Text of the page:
Geography Field Trip to Iceland
Below is a write up from some of the students who attended the Geography Field Trip to Iceland, which took place between 9-14 February. Thank you to Mrs Dixon, Miss Pope and Miss Hind for organising and accompanying the students on this trip!
An excited group of 25 students from Years 9-12 left for Heathrow after school. We had time to browse the shops in Terminal 2 before our flight with Icelandair. On arrival, we transferred to the Keflavik Bed and Breakfast ready to sleep, in order to be prepared for the adventures ahead.
We started our trip by heading to the Blue Lagoon, located just 20 minutes from the hotel. On arrival, we could see the steam rising from the warm geothermal lakes and saw a glimpse of the blue water we would soon bathe in. The water was incredibly warm (38 degrees) and relaxing. Everyone headed straight to the silica mud supply to make face masks and took masses of photos. The whole Blue Lagoon experience as a whole is something never to be forgotten and definitely recommended.
In the afternoon, we visited the Hverageroi Geothermal Centre; a collection of natural hot bubbling pools. When we arrived, we were taken on a tour around the hot springs and their formation was explained to us. The lady was very friendly, and cooked us some Icelandic bread and eggs in the steam from the hot springs. The bread tasted different from anything before; it was a mix between cake and bread, but was very nice! We stayed at a family run converted farmhouse in the countryside that night; many of us relaxing in their hot tubs before dinner.
This was an action packed day. We started by visiting two impressive waterfalls: Seljalandsfoss, and Skógafoss. At the second one, we climbed up to a viewpoint at the very top of the waterfall, so that you could see everything 60 m below you; the view was amazing! Later on, we went glacier walking on Solheimajokull. On arrival, we were equipped with crampons, ice axes, harnesses and helmets. The trek was tiring but fun and the scenery was breath-taking. In the afternoon, we visited the “Black Beaches “at Reynishverfi to see incredible examples of stumps, stacks, caves and arches. The final stop of the day was Eyjafjallajokull Visitor Centre where we saw a film made by the family who live and farm right under the famous volcano that erupted in 2010. It was interesting to see how they were affected by it all.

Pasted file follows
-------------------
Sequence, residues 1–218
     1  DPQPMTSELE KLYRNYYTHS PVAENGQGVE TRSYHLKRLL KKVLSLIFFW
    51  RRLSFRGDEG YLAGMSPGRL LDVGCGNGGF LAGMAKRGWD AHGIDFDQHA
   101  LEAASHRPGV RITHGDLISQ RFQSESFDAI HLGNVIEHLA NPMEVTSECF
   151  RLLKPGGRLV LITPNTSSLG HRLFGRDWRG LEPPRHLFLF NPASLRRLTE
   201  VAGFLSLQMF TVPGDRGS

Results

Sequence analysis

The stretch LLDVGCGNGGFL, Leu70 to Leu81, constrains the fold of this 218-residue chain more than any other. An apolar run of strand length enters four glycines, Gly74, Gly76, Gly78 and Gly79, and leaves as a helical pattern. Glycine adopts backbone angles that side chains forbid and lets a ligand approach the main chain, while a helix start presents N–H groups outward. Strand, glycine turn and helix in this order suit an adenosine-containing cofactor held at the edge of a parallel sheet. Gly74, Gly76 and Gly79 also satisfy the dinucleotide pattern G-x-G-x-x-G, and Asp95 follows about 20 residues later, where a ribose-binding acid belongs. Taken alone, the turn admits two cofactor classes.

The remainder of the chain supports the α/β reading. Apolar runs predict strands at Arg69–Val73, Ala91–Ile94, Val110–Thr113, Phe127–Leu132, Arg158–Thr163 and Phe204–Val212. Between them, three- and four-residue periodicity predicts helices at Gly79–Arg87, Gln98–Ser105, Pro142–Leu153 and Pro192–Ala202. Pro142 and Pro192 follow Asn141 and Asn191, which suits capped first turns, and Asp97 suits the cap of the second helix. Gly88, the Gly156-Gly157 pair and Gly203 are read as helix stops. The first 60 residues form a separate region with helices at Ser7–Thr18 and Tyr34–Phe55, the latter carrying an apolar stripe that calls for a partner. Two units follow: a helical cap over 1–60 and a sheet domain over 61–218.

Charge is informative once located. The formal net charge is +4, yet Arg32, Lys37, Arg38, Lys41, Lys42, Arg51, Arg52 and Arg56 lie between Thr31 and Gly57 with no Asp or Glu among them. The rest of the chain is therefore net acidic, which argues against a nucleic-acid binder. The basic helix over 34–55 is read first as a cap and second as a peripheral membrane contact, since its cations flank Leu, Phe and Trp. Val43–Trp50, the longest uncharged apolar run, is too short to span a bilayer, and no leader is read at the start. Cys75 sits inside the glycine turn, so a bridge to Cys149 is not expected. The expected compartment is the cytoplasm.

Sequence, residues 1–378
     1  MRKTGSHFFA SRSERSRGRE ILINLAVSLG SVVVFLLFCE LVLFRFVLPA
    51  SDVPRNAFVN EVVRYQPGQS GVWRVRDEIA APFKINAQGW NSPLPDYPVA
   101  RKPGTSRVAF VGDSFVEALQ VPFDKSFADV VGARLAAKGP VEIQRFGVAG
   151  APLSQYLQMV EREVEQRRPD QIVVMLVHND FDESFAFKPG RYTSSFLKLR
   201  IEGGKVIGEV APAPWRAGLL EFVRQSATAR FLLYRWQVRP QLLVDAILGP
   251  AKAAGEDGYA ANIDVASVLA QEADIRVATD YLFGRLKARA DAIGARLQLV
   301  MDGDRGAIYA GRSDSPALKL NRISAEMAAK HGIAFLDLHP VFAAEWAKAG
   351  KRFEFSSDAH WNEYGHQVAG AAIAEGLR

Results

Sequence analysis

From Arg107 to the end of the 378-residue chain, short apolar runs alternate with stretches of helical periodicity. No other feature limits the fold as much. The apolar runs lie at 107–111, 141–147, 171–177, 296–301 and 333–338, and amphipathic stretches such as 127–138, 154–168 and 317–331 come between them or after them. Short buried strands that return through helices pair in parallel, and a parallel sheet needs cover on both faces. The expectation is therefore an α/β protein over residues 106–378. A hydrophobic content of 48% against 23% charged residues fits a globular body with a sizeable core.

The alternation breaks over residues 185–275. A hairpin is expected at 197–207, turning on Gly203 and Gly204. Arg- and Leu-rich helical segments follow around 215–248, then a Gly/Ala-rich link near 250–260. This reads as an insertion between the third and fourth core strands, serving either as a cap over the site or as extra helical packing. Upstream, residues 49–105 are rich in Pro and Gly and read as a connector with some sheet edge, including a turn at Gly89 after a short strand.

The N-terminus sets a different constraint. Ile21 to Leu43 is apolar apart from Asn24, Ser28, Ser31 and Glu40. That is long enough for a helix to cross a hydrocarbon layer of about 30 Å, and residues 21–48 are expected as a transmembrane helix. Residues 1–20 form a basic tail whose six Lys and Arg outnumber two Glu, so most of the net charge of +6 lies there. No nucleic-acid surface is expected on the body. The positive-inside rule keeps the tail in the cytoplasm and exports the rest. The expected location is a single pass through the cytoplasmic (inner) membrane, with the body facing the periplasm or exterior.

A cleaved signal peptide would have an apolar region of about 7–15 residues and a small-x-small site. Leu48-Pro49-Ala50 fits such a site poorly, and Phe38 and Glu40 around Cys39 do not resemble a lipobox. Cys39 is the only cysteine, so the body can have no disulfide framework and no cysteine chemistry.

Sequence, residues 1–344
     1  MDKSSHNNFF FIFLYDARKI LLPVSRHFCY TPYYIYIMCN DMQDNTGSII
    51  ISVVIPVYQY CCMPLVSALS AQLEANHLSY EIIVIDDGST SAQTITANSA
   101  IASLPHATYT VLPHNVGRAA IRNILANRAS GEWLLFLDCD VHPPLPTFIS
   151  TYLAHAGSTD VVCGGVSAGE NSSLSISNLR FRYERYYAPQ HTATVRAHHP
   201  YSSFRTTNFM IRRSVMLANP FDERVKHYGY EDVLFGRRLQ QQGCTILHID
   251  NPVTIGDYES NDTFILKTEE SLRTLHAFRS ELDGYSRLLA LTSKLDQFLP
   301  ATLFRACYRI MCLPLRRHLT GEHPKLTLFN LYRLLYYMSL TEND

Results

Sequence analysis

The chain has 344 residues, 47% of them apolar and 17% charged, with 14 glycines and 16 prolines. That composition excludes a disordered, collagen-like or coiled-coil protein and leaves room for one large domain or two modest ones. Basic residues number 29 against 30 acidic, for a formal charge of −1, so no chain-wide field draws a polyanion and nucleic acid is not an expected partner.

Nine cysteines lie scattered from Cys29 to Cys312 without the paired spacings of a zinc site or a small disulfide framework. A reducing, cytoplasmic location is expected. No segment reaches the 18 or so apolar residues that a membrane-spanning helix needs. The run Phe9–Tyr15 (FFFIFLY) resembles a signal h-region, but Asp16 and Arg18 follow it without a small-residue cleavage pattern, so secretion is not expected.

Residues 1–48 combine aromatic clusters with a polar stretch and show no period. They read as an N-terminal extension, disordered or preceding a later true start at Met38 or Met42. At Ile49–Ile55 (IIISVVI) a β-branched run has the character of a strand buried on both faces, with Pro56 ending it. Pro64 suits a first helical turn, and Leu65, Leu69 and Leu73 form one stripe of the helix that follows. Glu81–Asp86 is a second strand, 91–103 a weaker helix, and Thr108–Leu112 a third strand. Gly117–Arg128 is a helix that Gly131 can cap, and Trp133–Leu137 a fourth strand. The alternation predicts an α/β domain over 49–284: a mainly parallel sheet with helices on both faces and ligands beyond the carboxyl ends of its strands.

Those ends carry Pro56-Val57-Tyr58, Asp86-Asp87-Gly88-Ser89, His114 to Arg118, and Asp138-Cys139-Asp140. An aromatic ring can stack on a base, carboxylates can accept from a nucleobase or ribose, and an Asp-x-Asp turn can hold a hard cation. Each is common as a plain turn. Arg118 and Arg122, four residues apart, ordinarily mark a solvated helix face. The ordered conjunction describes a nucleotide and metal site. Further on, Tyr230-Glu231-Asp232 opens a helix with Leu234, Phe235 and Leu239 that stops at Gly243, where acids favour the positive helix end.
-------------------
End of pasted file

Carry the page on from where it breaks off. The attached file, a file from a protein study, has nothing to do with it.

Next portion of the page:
After a quick stop to walk around the crater lake of Kerid volcano, we arrived at Gulfoss. This was the largest waterfall we visited during our trip to Iceland, being very wide and long. We could not get as close as the other two, but there was a footpath leading along and around the whole of the falls so you could still see the beautiful river and all the drops and you could get so many amazing photos.
Nearby was Geysir – “Strokkur” one of the few spouting geysers in the world erupting every 5-7 minutes. We enjoyed the geysers very much; they were amazing and we got some brilliant photos and slow motion videos. In the afternoon, we went to Thingvellir National Park. Iceland is located on a constructive plate boundary. This means that the Eurasian plate and the North American plate are drifting apart from each other at 2cm a year, creating new land in between. The walk took about 30-40 minutes and on the way we saw volcanic rocks and magnificent views. Our journey had now taken us back to Reykjavik, where we had pizza and pasta in a town centre restaurant.
After breakfast, we headed for a tour and film presentation at Geothermal Power Station; we found out that 90% of the population use geothermal energy. The next highlight we experienced was caving in lava tubes. Lava tubes are formed when magma travels through the rock quickly and leaves a passageway underground in the volcano. The caving was hard at times as there were areas where rocks had fallen from the roof of the tunnel but there were larger openings between the small spaces. When the tunnel reached a dead end we all turned out the lights on our helmets and were told scary ghost stories. Some of us thought that we could see our hands in the dark, but we were told it was impossible and it was actually just our brain playing tricks on us.
Reykjavik was the next stop and the first thing we noticed were the colourful and orderly rows of houses surrounded by sea and snow-capped mountains – it is strange to think that this is the Icelandic people's equivalent of London! We were allowed some free time in Reykjavik city centre and we discovered how welcoming and friendly it was. The Hamburger factory was appreciated by all of us at dinner time. A night none of us will be quick to forget was visiting the outdoor swimming pool. It was really fun, especially the water slide as we were allowed to go down in pairs and it was hilarious. We also went in the hot tubs which were really good as it was so cold outside!
Unfortunately, we had to fly home today, but not before enjoying some last minute shopping and visiting the bridge over the continents, and a final look at the boiling mud pools.